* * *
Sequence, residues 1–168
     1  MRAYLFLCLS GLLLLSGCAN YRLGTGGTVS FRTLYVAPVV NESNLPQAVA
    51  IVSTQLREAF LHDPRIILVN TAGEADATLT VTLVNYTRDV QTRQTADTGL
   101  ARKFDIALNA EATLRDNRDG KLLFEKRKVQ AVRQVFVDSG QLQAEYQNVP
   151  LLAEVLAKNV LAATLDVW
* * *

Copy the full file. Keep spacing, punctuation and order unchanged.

Sequence, residues 1–168
     1  MRAYLFLCLS GLLLLSGCAN YRLGTGGTVS FRTLYVAPVV NESNLPQAVA
    51  IVSTQLREAF LHDPRIILVN TAGEADATLT VTLVNYTRDV QTRQTADTGL
   101  ARKFDIALNA EATLRDNRDG KLLFEKRKVQ AVRQVFVDSG QLQAEYQNVP
   151  LLAEVLAKNV LAATLDVW